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We stopped in Santa Cruz for a quick lunch, then back over the hill before the return traffic built up. A pretty good day!

Rancho and Montebello

April 30, 2016

Saturday, 30 April 2016

I haven’t done a killer hike for a while now. Spending time working on thistle and fallen trees, which is fine, but I’m getting soft. For reference, a killer hike includes 20 miles or 4000 vertical feet; today’s was both. Rancho San Antonio open space preserve.

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Almost as soon as I left the car, I saw a deer, and a pair of tom turkeys challenging for dominance, a nearby female of course elaborately uninterested.

Up the ridge along the transmission line access road, the trail that runs above the quarry, and to the top of Black Mt. Nice day, and a busy trail. These are some of the more distant and difficult trails in the preserve, ofttimes semi-deserted. Not today. Several groups, many one-sie and two-sie hikers. In contrast, the middle of the road Chamise trail, where I returned later to the parking area, was almost deserted. Nice to see people choosing the challenges.

I had not been to Waterwheel creek trail for quite a while, so I added that onto today’s hike, a way to bring the distance and elevation total up a bit. Pretty, pretty country: it’s really wonderful during the green of spring.

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Met a swallowtail on the way down. Pretty classy!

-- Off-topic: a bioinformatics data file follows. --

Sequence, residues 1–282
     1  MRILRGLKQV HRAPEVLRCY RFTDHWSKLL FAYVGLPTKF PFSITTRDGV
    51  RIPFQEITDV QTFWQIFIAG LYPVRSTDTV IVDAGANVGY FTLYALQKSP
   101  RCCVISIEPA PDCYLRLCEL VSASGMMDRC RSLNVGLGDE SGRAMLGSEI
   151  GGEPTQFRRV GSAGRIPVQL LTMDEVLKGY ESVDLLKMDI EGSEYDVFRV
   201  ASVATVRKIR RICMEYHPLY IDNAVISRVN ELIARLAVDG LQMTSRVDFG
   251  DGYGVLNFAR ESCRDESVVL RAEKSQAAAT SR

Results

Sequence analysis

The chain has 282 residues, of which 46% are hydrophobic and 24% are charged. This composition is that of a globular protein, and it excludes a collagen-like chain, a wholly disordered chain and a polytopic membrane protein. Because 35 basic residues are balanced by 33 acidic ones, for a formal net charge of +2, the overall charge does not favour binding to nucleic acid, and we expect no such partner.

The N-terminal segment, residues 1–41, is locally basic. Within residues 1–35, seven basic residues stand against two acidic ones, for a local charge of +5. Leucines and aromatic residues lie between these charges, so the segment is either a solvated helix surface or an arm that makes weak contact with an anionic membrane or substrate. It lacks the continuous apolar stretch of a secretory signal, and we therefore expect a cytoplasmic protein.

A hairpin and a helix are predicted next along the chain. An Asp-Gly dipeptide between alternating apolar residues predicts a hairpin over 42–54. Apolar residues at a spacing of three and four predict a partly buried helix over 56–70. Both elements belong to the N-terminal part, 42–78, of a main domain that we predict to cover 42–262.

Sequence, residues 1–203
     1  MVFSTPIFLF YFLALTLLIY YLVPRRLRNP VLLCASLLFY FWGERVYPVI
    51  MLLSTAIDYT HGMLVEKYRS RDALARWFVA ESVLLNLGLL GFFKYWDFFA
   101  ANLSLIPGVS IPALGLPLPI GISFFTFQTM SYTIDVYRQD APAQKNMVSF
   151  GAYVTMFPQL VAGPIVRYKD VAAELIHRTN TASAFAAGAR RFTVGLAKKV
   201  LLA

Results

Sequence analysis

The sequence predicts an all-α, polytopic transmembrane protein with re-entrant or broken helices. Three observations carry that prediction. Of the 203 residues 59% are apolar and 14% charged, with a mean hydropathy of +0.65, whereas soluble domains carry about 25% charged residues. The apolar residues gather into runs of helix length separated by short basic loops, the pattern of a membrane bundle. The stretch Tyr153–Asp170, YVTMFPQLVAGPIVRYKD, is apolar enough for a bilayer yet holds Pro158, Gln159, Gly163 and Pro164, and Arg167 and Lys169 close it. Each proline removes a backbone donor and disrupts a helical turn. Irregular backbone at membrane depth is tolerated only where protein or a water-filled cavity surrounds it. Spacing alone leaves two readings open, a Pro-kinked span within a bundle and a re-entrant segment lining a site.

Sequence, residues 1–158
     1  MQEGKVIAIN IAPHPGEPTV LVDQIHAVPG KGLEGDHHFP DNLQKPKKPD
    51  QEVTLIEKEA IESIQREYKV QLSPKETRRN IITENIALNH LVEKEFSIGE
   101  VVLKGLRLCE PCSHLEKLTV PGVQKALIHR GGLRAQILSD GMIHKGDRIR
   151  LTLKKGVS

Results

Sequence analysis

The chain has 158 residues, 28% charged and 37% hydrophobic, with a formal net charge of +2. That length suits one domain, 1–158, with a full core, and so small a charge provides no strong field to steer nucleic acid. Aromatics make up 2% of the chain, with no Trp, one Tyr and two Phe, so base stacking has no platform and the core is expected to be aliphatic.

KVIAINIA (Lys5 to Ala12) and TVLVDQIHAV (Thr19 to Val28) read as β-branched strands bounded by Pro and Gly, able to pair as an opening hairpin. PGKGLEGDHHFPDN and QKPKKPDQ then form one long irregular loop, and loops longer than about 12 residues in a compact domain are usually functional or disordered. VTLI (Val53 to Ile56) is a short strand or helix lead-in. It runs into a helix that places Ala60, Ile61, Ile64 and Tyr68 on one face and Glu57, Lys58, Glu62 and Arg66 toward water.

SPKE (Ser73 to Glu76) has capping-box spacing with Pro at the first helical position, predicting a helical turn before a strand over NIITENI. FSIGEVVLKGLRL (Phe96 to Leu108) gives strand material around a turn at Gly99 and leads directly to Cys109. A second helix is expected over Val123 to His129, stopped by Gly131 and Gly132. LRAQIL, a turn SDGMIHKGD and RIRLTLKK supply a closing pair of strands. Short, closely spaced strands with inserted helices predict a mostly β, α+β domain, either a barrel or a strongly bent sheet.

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Spring has definitely arrived; the lizards are also out scampering about.

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Eventually, back at the bottom, the zero-effort trails near the model farm. California poppies everywhere.

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It strikes me that these flowers are so bright because they contain super-pigment. Rather than just reflecting the red, orange, blue or whatever colour they like from the ambient sunlight, I bet they pump the pigment with high-energy short-wave photons and actively emit light in their preferred wavelength(s). This would make them more attractive to pollinators. In contrast, so to speak, it would be a waste of valuable energy to re-emit green wavelengths from stems and leaves. The result is that flowers are exceptionally bright, both absolutely and in comparison with their background.

I have no idea whether this is true, but it would make sense!

Having done the hard bit, I stopped at the Gate of Heaven cemetery, which abuts the preserve. Talked with the manager about the purple-star thistle I had seen on their side of the fence, offered to go work on it with her permission. The permission was easy; as the rains taper off for the season, the ground has turned very hard very quickly, and the cemetery has a massive infestation problem. So I cleared back from the fence fifteen or twenty feet and told myself it might alleviate next year’s crop on the open-space side.

Edgewood with Jacky